Have you all heard yet about the NHS official who said premature babies born @ 23 weeks or less should just be left to die? Her reasoning is that so few of them survive and of those who do survive, most of them are disabled. Wow. She wins the "cold, heartless wench" award from me.... but that's just my opinion.
I don't think there is ever an age where they are just too early to be helped. We should at least TRY to help them. Who can just throw a baby away like garbage? What does that say about a society, when they can just abandon an infant because they don't see it's life as valid?
Answer by itsmesteph11 at 3:10 PM on Mar. 10, 2011
Answer by Kathy675 at 1:39 AM on Mar. 10, 2011
Answer by frogdawg at 9:50 AM on Mar. 10, 2011
Answer by ss1436 at 1:04 AM on Mar. 10, 2011
Answer by agentwanda at 2:39 AM on Mar. 10, 2011
Answer by wendythewriter at 9:39 AM on Mar. 10, 2011
Dr Daphne Austin said that despite millions being spent on specialised treatments, very few of these children survive as their tiny bodies are too underdeveloped.
She claimed keeping them alive is only ‘prolonging their agony’, and it would be better to invest the money in care for cancer sufferers or the disabled.
Dr Austin, who advises local health trusts how to spend their budgets, said doctors were ‘doing more harm than good by resuscitating 23-weekers’ and that treatments have ‘very marginal benefit’.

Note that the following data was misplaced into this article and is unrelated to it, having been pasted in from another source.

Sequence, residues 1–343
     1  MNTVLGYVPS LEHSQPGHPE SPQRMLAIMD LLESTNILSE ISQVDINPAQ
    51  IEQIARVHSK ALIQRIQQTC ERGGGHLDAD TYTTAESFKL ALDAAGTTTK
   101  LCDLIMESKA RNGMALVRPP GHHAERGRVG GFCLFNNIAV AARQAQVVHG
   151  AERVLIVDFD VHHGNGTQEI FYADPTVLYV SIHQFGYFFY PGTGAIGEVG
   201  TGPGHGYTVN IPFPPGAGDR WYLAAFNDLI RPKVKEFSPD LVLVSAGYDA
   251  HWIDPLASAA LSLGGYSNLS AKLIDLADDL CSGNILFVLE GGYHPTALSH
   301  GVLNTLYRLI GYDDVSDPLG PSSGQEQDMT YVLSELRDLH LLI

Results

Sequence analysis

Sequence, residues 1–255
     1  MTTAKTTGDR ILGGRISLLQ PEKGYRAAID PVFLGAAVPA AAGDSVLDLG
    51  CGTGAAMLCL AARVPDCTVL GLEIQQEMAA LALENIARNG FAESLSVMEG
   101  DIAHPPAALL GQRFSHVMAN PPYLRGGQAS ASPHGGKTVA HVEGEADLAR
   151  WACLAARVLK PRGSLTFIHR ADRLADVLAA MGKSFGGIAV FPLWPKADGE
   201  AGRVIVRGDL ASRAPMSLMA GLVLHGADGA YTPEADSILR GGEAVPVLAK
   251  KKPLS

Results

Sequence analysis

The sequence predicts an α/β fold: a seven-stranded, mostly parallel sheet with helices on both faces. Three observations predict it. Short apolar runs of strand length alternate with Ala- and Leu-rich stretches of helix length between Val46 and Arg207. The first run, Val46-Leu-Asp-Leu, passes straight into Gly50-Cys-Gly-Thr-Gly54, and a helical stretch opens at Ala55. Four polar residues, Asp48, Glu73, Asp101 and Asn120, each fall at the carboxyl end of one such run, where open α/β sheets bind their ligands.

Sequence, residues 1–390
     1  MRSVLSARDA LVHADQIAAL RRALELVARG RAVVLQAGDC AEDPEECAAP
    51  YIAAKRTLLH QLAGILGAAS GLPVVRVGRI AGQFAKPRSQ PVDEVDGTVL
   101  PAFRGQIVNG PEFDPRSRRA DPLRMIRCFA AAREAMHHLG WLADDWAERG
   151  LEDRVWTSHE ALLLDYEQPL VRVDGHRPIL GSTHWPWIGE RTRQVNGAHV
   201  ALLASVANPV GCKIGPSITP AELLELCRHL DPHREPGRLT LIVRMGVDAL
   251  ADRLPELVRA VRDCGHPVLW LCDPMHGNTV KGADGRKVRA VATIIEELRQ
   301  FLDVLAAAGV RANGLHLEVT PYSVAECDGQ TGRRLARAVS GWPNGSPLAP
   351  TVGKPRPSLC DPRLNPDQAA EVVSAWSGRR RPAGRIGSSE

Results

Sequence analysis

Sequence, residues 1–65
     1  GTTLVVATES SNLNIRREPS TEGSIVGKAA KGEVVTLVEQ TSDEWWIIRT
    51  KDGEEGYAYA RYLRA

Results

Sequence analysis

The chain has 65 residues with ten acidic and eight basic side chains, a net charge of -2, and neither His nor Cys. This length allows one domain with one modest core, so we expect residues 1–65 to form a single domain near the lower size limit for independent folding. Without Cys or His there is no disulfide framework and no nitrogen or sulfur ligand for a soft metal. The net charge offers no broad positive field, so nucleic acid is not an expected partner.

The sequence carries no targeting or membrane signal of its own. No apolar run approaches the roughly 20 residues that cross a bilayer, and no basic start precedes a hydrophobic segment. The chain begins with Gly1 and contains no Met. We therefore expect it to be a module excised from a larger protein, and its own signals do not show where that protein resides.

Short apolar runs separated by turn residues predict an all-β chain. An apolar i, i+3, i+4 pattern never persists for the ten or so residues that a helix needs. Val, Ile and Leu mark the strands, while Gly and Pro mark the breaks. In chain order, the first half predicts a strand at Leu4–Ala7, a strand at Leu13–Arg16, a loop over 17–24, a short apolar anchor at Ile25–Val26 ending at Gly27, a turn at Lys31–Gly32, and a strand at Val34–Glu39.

The NHS spends around £10million a year resuscitating babies born this early and keeping them alive on incubators and ventilators.
But despite round-the-clock care from teams of experienced doctors and nurses, just 9 per cent leave hospital – the rest die. And only one in 100 grows up without some form of disability. The most common include blindness, deafness and cerebral palsy.
Guidelines state that doctors should not try to resuscitate babies born under 22 weeks, as they are too underdeveloped, but those born between 22 and 25 weeks should routinely be given intensive care.
The legal limit for abortion is 24 weeks. Dr Austin said that the care given to such tiny infants should be weighed up in the same way as the NHS decides whether or not to fund treatment for dying cancer patients.
‘We are doing more harm than good by resuscitating 23-weekers. I can’t think of very many interventions that have such poor outcomes.
I would prefer to free up that money to spend on providing support to people who have much more lifelong chronic conditions.’
Dr Austin, who did her medical training in New Zealand, does not work on a neonatal unit but acts as a consultant for the West Midlands Specialised Commissioning team, advising what treatments and care should be funded in the region
Answer by sweet-a-kins at 8:28 AM on Mar. 10, 2011
Answer by stacymomof2 at 9:19 AM on Mar. 10, 2011